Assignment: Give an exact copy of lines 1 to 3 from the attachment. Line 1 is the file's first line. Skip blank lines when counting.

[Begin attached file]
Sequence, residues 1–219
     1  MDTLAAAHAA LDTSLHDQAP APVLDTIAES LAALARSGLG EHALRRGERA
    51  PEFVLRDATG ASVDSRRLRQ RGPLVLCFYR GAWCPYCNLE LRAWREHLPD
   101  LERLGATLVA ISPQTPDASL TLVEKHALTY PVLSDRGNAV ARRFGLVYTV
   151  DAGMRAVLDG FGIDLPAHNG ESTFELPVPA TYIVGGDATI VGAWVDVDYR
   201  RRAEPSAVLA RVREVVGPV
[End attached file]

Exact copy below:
Sequence, residues 1–219
     1  MDTLAAAHAA LDTSLHDQAP APVLDTIAES LAALARSGLG EHALRRGERA
    51  PEFVLRDATG ASVDSRRLRQ RGPLVLCFYR GAWCPYCNLE LRAWREHLPD